For the first time, researchers recorded pain-related data from inside the brain of an individual with post-amputation phantom limb pain. A long sought-after goal has been to understand how pain is represented by brain activity and how to modulate that activity to relieve suffering from chronic pain.
The researchers collected data from the patient with phantom limb pain and three patients with post-stroke pain. Data collection was done from the participants’ homes and analyzed using machine learning tools to identify an area of the brain associated with chronic pain and objective biomarkers.
The findings, which represent a first step towards developing novel methods for tracking and treating chronic pain, were funded by the National Institutes of Health (NIH) Brain Research Through Advancing Innovative Neurotechnologies (BRAIN) Initiative and the Helping to End Addiction Long-term Initiative (HEAL Initiative).
“This is a great example of how tools for measuring brain activity originating from the BRAIN Initiative have been applied to the significant public health problem of relieving persistent, severe chronic pain,” said Walter Koroshetz, MD, director of the National Institute of Neurological Disorders and Stroke, part of NIH. “We are hopeful that building from these preliminary findings could lead to effective, non-addictive pain treatments.”
Neuropathic pain most commonly occurs due to injury to the nerves in our bodies, but for the individuals in the study, their pain is thought to originate from the brain itself, which doesn’t respond well to current treatments.
“When you think about it, pain is one of the most fundamental experiences an organism can have,” said Prasad Shirvalkar, MD, PhD, associate professor of anesthesia and neurological surgery at the University of California, San Francisco, and lead author of the study. “Despite this, there is still so much we don’t understand about how pain works. By developing better tools to study and potentially affect pain responses in the brain, we hope to provide options to people living with chronic pain conditions.”
Traditionally, researchers gather data about chronic pain through self-reports from those living with the condition. This study also looked directly at changes in brain activity in two regions where pain responses are thought to occur—the anterior cingulate cortex (ACC) and the orbitofrontal cortex (OFC)—as participants reported their current levels of chronic pain.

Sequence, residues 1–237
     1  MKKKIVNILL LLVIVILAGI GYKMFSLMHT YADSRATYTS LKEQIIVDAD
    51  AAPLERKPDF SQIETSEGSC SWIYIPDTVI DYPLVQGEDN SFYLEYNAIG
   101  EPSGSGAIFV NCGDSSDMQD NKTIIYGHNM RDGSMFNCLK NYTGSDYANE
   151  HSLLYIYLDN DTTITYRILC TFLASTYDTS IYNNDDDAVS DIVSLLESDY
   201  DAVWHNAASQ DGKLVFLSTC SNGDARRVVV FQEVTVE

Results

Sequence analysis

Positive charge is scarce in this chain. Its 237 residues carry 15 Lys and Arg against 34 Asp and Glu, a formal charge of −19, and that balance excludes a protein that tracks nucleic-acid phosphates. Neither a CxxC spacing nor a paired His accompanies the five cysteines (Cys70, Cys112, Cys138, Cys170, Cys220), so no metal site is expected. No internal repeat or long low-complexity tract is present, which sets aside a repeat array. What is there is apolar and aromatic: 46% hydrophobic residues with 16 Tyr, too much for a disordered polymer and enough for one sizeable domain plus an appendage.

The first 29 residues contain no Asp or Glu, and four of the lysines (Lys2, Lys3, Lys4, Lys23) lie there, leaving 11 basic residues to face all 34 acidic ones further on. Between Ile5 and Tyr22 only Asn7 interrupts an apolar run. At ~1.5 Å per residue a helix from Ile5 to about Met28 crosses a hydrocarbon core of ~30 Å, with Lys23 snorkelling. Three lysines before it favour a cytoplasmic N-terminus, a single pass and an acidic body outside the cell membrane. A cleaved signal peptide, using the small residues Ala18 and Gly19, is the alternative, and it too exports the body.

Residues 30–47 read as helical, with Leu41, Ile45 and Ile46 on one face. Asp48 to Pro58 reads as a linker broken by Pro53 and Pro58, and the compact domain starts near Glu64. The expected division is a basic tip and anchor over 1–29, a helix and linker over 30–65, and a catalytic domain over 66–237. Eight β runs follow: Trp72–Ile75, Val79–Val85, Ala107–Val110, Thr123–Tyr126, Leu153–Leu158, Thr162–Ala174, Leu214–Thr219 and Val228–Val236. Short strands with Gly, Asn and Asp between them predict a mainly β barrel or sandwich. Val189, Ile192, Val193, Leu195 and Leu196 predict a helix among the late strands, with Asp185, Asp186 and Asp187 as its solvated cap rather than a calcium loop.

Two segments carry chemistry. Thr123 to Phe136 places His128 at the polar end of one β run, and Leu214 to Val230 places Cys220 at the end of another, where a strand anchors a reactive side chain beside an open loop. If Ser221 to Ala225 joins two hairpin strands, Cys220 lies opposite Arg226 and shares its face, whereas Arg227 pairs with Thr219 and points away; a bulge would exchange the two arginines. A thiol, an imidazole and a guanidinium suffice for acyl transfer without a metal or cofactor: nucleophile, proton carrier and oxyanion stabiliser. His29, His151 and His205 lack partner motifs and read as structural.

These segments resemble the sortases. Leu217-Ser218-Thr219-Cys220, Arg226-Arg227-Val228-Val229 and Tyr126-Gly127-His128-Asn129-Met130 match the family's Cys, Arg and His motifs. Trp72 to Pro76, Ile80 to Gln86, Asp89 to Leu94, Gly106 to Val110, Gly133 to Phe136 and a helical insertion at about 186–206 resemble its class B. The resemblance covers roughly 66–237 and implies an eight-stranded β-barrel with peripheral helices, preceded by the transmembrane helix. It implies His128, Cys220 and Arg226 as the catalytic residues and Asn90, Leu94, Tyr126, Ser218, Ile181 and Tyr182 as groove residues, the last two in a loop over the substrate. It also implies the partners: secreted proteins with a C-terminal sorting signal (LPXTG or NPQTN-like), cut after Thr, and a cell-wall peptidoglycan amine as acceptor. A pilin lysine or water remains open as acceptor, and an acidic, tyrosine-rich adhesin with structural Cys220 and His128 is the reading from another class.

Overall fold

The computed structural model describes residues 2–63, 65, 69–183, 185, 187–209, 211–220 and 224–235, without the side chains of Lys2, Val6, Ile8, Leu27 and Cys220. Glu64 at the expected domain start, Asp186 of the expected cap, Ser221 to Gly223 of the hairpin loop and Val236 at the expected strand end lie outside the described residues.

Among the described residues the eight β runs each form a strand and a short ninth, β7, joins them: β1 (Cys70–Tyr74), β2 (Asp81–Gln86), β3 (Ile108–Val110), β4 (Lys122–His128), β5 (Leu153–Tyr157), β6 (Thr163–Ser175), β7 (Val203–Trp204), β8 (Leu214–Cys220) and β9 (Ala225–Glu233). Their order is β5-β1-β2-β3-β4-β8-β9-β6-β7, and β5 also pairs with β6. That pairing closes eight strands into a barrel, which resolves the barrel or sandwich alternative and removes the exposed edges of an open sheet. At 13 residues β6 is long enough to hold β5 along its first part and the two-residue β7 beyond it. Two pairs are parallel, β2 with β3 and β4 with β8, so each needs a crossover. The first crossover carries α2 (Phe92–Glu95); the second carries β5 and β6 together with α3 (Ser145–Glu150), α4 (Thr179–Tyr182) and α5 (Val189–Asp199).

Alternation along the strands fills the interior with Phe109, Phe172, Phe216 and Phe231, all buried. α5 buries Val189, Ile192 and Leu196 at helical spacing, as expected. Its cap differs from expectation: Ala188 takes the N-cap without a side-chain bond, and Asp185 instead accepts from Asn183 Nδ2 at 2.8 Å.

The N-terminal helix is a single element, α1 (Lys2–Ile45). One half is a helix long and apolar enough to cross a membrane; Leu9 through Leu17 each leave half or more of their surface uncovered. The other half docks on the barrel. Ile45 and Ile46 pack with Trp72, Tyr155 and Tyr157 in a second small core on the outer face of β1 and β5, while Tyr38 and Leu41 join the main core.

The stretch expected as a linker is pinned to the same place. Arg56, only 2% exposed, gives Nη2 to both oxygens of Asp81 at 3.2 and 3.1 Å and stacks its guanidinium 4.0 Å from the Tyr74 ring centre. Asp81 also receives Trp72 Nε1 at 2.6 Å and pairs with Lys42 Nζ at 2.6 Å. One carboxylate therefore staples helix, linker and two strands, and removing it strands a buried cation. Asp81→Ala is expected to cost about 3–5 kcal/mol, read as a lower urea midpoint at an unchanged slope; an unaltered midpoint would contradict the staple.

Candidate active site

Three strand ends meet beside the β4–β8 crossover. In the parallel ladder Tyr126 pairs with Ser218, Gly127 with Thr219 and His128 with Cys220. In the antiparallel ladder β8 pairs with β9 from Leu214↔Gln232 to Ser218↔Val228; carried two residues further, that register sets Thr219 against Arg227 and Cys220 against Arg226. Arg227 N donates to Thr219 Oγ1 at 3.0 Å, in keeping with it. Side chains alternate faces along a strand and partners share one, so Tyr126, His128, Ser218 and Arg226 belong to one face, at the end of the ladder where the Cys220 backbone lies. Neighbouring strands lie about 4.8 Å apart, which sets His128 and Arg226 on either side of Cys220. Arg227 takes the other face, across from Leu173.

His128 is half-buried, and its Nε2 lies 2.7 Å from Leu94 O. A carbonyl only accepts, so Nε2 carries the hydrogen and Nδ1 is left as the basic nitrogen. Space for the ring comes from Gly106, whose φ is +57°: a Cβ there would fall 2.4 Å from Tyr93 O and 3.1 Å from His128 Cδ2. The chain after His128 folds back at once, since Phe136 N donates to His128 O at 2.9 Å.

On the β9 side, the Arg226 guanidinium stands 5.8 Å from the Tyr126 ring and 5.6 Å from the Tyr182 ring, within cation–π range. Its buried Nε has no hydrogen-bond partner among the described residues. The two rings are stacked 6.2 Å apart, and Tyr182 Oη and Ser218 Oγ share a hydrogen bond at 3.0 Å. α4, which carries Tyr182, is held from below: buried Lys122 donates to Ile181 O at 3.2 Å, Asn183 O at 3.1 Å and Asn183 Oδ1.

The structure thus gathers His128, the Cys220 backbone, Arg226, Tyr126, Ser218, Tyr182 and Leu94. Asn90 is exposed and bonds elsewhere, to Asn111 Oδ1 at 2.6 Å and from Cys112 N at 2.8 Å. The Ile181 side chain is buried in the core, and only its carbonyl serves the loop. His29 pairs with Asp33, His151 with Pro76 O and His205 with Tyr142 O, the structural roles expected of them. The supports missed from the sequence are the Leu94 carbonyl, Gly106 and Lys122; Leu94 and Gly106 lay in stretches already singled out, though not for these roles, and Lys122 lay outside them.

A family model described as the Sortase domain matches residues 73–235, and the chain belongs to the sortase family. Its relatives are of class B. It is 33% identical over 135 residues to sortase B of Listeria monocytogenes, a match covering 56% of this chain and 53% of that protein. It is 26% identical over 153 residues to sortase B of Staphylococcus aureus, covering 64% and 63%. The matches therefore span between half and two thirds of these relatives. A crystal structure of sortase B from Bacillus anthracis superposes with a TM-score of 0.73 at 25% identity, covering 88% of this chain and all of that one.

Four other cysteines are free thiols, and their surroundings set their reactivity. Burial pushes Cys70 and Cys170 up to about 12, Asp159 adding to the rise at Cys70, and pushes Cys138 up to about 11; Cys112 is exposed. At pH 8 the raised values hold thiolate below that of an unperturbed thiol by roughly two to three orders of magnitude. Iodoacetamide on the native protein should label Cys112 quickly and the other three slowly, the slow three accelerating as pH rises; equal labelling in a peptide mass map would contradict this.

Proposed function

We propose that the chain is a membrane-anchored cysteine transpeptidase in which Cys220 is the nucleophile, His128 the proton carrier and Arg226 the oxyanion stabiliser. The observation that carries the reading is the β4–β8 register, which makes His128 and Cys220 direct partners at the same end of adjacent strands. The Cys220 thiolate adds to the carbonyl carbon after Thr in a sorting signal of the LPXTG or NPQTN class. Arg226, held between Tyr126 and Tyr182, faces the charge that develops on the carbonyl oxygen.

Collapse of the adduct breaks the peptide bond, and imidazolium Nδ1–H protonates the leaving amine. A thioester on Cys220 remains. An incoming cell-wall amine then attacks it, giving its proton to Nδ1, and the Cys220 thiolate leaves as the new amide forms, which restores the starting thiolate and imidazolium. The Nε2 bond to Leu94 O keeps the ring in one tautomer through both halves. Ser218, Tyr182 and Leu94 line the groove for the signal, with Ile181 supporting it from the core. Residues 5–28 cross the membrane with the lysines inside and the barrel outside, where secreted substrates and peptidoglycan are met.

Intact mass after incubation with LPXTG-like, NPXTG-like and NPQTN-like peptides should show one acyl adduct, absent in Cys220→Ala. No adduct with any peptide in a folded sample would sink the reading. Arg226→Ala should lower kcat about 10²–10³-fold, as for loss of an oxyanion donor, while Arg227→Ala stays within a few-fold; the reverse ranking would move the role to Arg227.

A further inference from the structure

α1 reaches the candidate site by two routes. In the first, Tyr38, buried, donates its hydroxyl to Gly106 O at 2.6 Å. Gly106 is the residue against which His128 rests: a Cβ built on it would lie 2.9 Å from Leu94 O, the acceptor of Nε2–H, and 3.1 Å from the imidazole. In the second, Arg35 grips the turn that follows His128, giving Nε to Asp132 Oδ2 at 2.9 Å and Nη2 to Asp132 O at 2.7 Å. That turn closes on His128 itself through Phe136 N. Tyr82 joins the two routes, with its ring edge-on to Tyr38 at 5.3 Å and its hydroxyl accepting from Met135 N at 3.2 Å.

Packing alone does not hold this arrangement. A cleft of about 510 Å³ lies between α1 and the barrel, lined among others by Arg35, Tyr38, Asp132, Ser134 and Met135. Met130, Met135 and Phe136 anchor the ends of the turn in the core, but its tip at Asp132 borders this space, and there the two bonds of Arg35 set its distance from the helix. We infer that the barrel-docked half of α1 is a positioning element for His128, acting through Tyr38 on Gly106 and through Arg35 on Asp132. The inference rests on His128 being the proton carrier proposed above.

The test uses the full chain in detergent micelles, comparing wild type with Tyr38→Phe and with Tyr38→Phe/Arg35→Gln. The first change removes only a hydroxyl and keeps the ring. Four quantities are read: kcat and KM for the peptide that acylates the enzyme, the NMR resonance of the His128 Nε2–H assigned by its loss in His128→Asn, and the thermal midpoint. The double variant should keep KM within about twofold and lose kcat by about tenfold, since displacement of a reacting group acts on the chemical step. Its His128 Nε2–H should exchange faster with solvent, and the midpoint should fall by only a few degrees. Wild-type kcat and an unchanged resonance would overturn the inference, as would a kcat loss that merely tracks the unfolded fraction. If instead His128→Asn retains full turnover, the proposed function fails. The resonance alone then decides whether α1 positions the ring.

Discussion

“Functional MRI studies show that the ACC and OFC regions of the brain light up during acute pain experiments. We were interested to see whether these regions also played a role in how the brain processes chronic pain,” said Shirvalkar. “We were most interested in questions like how pain changes over time, and what brain signals might correspond to or predict high levels of chronic pain?”
The participants were surgically implanted with electrodes targeting their ACC and OFC. Several times a day, each participant was asked to answer questions related to how they would rate the pain they were experiencing, including strength, type of pain, and how their level of pain was making them feel emotionally. They would then initiate a brain recording by clicking a remote-control device, which provided a snapshot of the activity in the ACC and OFC at that exact moment. Using machine learning analyses, the research team was able to use activity in the OFC to predict the participants’ chronic pain state.
“The device we implanted into the participants in this study is actually a deep brain stimulation device that has the capability not only to sense and record brain activity, but also to provide electrical stimulation when needed,” said Philip Starr, MD, PhD, professor of neurological surgery and a senior author of the study. “The hope is that by pinpointing the specific brain signals underlying someone’s pain experience, we can program the device to deliver stimulation only when those signals are detected and return the brain’s pain networks to a normal, healthy state.”
In a separate study, the researchers looked at how the ACC and OFC responded to acute pain, which was caused by applying heat to areas of the participants’ bodies. In two of the four patients, brain activity could again predict pain responses, but in this case the ACC appeared to be the region most involved. The research teams say this suggests that the brain processes acute and chronic pain differently, though more studies are needed given that data from only two participants were used in this comparison.
Identifying a pain signature will enable the development of new therapies that can alter brain activity to relieve suffering due to chronic pain. The most immediate benefit may be in informing ongoing studies in HEAL and BRAIN to employ deep brain stimulation to treat chronic pain. Ongoing and future work involving more participants will be key in determining whether different pain conditions share the OFC activity seen in these patients or how the signatures differ among persons with different pain conditions.
Effective and non-addictive treatments for chronic pain conditions is a main goal of NIH HEAL Initiative efforts to find scientific solutions to stem the opioid public health crisis. The findings are a key step to identifying pain-specific biomarkers toward personalizing pain management for individuals, leading to the development of new technologies and advances to better understand brain circuit.
Editor’s note: This story was adapted from materials provided by the National Institutes of Health and the University of California, San Francisco.
The study, “Brain Signatures for Chronic Pain identified in a Small Group,” was published in Nature Neuroscience.